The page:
Stop the Bush-Cheney money machine

George W. Bush hop-scotched the nation recently, raking in $20 million at $2,000-a-plate fundraisers, more than the combined total raised over three months by his nine Democratic rivals.

The Bush-Cheney campaign has exempted itself from federal fundraising limits by rejecting federal matching funds. Their aim is to raise $200 million. To get around the McCain-Feingold ban on corporate contributions, Bush-Cheney has perfected “bundling,” in which dozens of executives each contribute $2,000. Bush “Pioneers” each promise to raise $100,000, “Rangers” $200,000, and “Regents” $250,000.

It is the political equivalent of “shock and awe,” sowing fear and hopelessness among the people in the face of the GOP’s enormous arsenal of cash. The aim is consolidation of one-party Republican rule in the interests of a super-wealthy corporate elite in 2004. This elite has waxed fat with Bush-Cheney policies that insure trillions in corporate profits at the expense of working people and the poor.

Yet a Zogby poll shows public approval of Bush’s job performance slipping to 53 percent positive to 46 percent negative, lowest since before the Sept. 11, 2001 terrorist attack. As of July 16-17, only 46 percent thought he deserved another term, while 47 percent said someone else should be elected. Only on the “war on terrorism” did Bush receive positive ratings, 59 percent to 40 percent, and even that is a dramatic decline. The numbers on health care: 36 percent positive, 61 percent negative; the environment: 31 percent positive, 65 percent negative; taxes: 45 percent positive, 54 percent negative; and jobs: 33 percent positive, 66 percent negative.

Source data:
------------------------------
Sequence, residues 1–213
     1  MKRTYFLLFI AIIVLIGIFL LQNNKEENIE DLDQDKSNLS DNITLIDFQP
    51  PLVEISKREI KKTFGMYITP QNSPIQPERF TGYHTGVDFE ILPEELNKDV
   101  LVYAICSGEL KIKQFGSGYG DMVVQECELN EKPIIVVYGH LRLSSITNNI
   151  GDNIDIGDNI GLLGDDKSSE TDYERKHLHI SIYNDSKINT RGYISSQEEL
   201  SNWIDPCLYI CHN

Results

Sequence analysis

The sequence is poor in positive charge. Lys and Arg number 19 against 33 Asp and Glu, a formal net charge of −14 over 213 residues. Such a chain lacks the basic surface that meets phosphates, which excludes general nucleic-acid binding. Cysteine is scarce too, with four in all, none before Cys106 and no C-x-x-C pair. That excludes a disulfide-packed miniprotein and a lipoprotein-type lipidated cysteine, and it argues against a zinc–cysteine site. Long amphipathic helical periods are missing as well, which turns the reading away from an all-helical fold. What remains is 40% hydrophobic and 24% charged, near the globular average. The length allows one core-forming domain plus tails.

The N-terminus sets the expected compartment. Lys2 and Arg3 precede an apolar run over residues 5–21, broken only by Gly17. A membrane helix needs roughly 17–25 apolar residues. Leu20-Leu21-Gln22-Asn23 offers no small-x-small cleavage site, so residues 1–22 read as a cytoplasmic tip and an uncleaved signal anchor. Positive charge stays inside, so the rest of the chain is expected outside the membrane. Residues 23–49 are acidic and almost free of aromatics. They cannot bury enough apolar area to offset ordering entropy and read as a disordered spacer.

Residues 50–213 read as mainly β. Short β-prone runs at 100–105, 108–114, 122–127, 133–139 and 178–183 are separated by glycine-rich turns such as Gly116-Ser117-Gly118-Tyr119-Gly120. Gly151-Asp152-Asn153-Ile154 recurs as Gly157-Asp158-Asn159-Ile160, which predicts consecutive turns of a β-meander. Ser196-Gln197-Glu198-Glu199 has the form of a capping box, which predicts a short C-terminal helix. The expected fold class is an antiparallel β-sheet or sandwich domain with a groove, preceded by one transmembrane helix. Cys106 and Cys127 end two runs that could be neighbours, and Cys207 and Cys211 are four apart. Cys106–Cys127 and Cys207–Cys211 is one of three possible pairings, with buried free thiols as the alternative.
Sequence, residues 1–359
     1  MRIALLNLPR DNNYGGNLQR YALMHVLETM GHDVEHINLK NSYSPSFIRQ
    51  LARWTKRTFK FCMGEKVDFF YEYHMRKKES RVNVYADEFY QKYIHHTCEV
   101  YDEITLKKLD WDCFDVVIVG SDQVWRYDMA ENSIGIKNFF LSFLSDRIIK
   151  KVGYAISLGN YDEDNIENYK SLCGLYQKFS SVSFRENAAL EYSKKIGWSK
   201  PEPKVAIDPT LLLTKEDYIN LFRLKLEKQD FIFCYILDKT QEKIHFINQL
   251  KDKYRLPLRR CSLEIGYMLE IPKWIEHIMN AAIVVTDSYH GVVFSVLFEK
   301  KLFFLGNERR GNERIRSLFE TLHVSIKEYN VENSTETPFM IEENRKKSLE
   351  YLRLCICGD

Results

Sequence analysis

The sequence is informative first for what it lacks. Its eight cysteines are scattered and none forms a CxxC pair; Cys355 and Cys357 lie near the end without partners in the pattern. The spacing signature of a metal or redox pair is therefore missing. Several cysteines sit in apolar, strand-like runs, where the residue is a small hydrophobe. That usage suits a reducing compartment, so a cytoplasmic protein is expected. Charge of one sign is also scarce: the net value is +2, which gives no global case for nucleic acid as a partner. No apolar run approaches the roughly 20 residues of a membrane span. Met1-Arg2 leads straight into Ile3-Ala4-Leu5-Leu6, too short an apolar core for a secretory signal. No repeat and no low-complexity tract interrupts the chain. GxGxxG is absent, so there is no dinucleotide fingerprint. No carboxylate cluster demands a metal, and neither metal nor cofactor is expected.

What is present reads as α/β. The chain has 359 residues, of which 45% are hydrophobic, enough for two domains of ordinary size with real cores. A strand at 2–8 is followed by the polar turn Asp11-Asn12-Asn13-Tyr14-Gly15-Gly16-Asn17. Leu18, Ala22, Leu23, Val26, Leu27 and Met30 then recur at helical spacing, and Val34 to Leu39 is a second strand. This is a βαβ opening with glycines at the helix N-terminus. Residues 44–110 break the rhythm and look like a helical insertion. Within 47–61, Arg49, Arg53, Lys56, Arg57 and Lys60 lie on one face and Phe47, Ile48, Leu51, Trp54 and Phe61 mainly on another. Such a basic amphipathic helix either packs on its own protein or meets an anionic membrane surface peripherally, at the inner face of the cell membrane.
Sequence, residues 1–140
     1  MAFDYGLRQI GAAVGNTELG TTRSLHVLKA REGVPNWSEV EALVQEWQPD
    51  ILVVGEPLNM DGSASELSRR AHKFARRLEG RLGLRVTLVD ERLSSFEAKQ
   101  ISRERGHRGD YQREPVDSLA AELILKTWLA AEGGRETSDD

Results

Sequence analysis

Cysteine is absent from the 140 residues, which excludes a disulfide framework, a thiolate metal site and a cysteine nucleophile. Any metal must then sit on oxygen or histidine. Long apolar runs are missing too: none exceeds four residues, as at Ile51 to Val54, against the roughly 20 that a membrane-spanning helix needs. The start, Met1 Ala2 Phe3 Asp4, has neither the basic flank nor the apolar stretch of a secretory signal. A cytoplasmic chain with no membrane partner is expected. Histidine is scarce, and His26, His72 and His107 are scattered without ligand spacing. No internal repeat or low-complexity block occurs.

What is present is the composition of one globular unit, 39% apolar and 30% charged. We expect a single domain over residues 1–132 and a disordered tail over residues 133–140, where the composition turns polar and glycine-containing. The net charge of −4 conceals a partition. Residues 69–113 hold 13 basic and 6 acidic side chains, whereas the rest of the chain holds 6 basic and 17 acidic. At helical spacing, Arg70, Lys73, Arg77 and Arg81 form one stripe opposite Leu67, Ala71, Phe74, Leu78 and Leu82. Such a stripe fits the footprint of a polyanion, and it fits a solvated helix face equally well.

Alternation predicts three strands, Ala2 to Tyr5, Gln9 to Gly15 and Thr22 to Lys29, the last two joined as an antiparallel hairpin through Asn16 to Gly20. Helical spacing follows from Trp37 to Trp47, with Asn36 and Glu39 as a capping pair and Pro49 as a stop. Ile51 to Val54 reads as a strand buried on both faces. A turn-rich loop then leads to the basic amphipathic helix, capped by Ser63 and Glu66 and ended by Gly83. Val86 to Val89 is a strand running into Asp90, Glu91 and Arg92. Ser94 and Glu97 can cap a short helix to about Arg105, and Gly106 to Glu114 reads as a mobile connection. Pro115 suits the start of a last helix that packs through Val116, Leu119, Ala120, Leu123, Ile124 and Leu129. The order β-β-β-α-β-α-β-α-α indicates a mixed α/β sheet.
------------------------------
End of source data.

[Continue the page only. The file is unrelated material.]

Bush and Cheney are vulnerable. The negatives are rising because the people are disgusted to see Bush raking in those millions while GIs die in Iraq, while millions are unemployed, without health care, while funds are slashed for public education. The obscene Bush-Cheney money machine can be brought to a halt Tuesday, Nov. 5, 2004. Now is the time to start registering voters to send this gang back to Texas.

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Peace on the Korean peninsula, now

Fifty years ago on July 27, 1953, an armistice agreement was signed that ended the three-year Korean War, a war that left five million people dead, injured or missing. Though the armed conflict ended with the hope of an eventual peace treaty, the Korean peninsula remains one of the most militarized areas of the world. Over a million troops – including 37,000 U.S. troops on 10 military bases – face off across the demilitarized zone between North and South, the largest landmine field in the world.

Despite North Korea’s repeated calls for normalization of relations and talks for a non-aggression pact with the U.S., when Bush came to power he ushered in a new level of war danger for the peoples of the region, citing North Korea as a possible target of a preemptive nuclear strike in the Pentagon’s infamous “Nuclear Posture Review.” He named North Korea as a country in the so-called Axis of Evil. The Bush administration has pushed the region ever closer to the edge of nuclear conflict, refusing to negotiate directly with North Korea despite encouragement from the governments of South Korea, China and Japan to do so.

Fifty years is too long for this simmering conflict to go on. Now is the time to end an old war, and for the peace movement worldwide to unite and support the right to independence, sovereignty and self-determination on the Korean peninsula. The U.S. Congress must step forward and challenge the Bush Doctrine of preemptive war with diplomatic initiatives.

The Korean people, North and South, have lived under constant fear of renewed armed conflict for 50 years. The dangers are greater in this new moment of preemptive, first-strike, regime change policies. We must demand that the Bush administration immediately begin bilateral negotiations on a non-aggression pact, start withdrawing U.S. troops, and shut down the U.S. bases on the peninsula. The Korean people must be allowed to proceed on a path towards co-existence and peaceful reunification.

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